Thursday, June 15, 2017

U.S. Bay area Muslims reach out to explain faith with 'Coffee, cake and Islam'


It is important for those who feel uneasy about Islam in the United States to seek out knowledge from true sources or American Muslims. It is equally important for American Muslims to reach out to their neighbors.

Times of Ahmad | News Watch | US desk
Source/Credit: San Francisco Chronicle
By Dania Sohail | June 14, 2017

On June 10, during the holy month of Ramadan, there were anti-Sharia law marches in 24 different U.S. cities put on by ACT for America. While a select few chose to march against Sharia law across the country, my mosque in Milpitas held a peaceful Iftar dinner to break fast together. The rallies against Sharia law are misplaced and counterproductive.

Sharia law means the law of the Quran, the Muslim holy book. It outlines the behaviors, morals and beliefs of Islam, which are based on a message of peace and free will. Sharia law is not compulsory. In fact, Islam outlines that there is no compulsion in religion.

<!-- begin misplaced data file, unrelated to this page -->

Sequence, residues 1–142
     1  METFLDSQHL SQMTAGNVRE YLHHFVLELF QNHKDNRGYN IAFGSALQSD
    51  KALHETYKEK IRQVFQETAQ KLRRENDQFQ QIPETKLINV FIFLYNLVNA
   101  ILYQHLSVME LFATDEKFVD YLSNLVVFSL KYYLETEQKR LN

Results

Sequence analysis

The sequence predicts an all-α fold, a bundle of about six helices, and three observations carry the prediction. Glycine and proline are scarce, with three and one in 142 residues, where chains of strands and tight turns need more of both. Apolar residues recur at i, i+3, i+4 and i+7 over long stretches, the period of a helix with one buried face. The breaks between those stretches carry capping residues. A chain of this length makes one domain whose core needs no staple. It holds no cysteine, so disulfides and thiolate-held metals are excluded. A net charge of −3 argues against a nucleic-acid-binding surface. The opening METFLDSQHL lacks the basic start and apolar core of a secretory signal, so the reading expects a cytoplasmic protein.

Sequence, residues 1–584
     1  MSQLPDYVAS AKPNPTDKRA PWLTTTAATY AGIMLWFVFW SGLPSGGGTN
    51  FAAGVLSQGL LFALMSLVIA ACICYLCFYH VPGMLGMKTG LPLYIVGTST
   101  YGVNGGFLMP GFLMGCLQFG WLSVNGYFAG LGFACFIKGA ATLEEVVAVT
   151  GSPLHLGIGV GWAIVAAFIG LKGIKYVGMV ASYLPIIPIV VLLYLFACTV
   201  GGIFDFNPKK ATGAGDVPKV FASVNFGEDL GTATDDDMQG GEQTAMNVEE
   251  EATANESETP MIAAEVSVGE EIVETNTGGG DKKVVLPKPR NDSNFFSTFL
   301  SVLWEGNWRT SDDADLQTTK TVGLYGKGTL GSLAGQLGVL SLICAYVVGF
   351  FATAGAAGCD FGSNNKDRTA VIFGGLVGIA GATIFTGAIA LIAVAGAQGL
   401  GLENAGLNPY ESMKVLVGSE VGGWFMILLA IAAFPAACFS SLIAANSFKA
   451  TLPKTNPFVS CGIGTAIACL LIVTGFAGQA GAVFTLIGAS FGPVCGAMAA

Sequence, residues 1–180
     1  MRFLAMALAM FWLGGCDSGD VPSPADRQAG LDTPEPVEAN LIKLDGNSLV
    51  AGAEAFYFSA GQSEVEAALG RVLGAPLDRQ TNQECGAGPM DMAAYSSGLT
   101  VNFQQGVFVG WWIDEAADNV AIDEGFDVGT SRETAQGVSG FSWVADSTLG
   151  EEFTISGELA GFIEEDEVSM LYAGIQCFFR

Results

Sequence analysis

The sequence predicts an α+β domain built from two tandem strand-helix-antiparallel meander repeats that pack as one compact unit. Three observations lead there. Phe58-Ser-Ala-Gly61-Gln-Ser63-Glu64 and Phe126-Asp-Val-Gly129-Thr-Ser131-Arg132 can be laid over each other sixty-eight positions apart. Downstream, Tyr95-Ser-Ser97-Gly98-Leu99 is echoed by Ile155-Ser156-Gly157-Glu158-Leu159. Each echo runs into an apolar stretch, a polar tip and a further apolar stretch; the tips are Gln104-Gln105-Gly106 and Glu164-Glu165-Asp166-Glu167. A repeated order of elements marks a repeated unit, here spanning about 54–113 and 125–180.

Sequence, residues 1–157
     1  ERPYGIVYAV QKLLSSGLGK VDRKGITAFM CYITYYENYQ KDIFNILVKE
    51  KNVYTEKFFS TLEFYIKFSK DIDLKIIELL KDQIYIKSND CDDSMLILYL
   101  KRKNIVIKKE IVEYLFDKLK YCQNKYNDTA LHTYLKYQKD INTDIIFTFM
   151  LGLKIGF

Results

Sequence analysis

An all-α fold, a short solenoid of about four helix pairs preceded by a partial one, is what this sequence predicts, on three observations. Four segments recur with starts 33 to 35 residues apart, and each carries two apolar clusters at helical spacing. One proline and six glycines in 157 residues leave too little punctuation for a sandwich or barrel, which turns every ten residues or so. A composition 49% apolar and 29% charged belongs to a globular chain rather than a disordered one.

It is understandable that there is fear of what is unknown, especially with extremism and terrorism plaguing the globe. Conversation is the first step in building a relationship, and the only way to generate peace among those who might not fully understand each other. It is important for those who feel uneasy about Islam in the United States to seek out knowledge from true sources or American Muslims. It is equally important for American Muslims to reach out to their neighbors.

Coffee, Cake and True Islam is a campaign run by the Ahmadiyya Muslim Community that helps do that. As a student, I have many questions about other faiths, including my own, and this learning helps me develop my values and morals. Every Wednesday, Ahmadi Muslims set up at a local coffee shop and invite people to come ask about Islam. It creates a platform for anyone to learn more about their Muslim neighbors in a harmonious way.

I invite my fellow Americans to just ask, because educating ourselves is the best way to have open conversations that will lead to a more peaceful society.

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Dania Sohail is a senior at Mercy High School in Burlingame.


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